Wednesday, September 30, 2009

And Just How Long Will You Be Parking With Us?

It has been a bit of a wait since my last blob. It’s not that I don’t have something to say (just ask Iris!) it’s more like, there are so many things scattered in my head that trying to make some sense of it all becomes challenging. At least once or twice a day I say or think of something which “would make a great blob.” But unlike my dad, Ted Burnett, master of the note written on an envelope, I don’t write these things down, operating under the misplaced assumption that it’s so OBVIOUS, of course I’ll remember that when I have to write. And of course I don’t. Remember that is. But we can catch up just a little bit. I have been musing of late, trying to figure out just what the hell I’m going to say at the upcoming events related to the publication of new book ( 44 Days: Iran and the Remaking of the World) about the Iranian Revolution of 1979. The book was officially published yesterday (hooray! And shout out to all the folks at Contact who really made it happen, inspite of my well-meaning interference!) and last night I did a ‘launch’ event at the Barnes and Noble in Bethesda, Maryland. Being the DC suburb that it is, the most important thing on the mind of the Bethesda elders these days is scrounging every dollar that they can find (and some they can’t) from the poor hapless souls like me and my audience of last night. (Did I mention it was a terrific group of people, and they bought lots of books?)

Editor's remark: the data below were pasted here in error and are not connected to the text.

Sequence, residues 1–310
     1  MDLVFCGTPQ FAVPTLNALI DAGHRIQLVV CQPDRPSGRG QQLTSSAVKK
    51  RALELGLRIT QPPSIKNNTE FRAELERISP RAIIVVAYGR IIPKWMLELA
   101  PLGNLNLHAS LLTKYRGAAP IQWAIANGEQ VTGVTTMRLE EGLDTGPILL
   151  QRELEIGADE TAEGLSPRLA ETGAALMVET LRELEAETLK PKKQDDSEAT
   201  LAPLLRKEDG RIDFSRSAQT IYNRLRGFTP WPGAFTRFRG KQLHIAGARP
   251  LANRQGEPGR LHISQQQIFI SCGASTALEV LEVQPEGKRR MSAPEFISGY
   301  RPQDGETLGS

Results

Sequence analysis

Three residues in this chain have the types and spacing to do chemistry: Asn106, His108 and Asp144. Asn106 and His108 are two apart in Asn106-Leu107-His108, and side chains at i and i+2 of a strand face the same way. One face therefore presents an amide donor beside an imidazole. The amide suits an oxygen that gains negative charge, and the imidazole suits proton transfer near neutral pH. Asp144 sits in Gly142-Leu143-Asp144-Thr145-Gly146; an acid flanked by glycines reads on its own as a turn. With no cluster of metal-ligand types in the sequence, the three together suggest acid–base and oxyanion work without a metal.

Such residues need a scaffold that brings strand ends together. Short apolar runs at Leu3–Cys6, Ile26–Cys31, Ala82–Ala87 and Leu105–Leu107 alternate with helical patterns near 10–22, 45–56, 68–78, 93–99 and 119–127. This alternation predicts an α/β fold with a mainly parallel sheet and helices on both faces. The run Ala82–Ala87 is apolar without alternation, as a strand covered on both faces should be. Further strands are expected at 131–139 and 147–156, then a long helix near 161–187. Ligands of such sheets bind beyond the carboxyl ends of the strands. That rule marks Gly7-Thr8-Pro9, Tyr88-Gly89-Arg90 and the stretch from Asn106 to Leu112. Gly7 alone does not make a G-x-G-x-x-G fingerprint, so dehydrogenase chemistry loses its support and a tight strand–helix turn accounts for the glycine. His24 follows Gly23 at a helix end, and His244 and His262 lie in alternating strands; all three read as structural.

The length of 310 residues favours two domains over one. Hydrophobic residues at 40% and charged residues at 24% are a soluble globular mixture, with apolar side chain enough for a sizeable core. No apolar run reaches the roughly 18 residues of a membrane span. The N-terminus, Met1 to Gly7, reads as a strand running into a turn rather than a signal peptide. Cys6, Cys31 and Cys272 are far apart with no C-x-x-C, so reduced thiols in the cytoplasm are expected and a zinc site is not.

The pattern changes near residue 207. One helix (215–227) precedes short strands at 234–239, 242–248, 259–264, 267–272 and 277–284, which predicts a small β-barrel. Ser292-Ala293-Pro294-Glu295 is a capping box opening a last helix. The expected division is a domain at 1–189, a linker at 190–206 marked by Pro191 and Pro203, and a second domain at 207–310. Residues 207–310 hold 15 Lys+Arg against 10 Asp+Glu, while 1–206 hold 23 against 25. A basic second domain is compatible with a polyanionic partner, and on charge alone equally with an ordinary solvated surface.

cr: Chris Usher/BKSC

At the shopping area on Woodmont Avenue, what was once a free parking garage designed to make it attractive for outsiders to come visit (and spend their money) has become a tiered “Public Parking” facility, in the same way that the IRS is a “Public Do Gooder” organization. The tiering is craftily designed to maximize annoyance. The lower levels are all meters which are good for two hours. If you get up to level two, the meters vary between four and five hours (wow, that five hour parking, just what I need), and the meters are the kind that take 10 seconds to determine what coin you have put in, before reading back to you the amount of time you have just purchased. You have to really drive up the levels to find something for a whole day (I didn’t go that far), but even at 620pm when I finally found the place, there was a lone figure wandering like a lost peddler in search of a sell, who turned out to be the enforcement guy, the one who joyfully writes the tickets which bolster the Bethesda town coffers.
Me, in the childrens' section: Of course! cr: Chris Usher/BKSC